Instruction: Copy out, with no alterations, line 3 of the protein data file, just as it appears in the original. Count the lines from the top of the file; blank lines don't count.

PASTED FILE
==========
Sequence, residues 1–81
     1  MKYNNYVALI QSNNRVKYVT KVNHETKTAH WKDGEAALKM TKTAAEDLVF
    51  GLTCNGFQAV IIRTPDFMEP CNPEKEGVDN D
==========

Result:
    51  GLTCNGFQAV IIRTPDFMEP CNPEKEGVDN D